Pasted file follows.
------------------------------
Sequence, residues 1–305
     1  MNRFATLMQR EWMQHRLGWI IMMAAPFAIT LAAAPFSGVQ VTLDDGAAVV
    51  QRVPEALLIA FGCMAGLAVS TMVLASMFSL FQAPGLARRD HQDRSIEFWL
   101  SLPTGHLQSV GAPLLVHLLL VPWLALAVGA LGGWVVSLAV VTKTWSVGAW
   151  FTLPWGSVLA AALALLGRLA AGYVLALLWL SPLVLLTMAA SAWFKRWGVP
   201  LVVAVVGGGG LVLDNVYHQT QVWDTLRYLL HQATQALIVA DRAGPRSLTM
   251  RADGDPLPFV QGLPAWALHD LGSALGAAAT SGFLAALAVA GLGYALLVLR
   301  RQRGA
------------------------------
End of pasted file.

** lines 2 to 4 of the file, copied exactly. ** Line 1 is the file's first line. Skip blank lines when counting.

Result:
     1  MNRFATLMQR EWMQHRLGWI IMMAAPFAIT LAAAPFSGVQ VTLDDGAAVV
    51  QRVPEALLIA FGCMAGLAVS TMVLASMFSL FQAPGLARRD HQDRSIEFWL
   101  SLPTGHLQSV GAPLLVHLLL VPWLALAVGA LGGWVVSLAV VTKTWSVGAW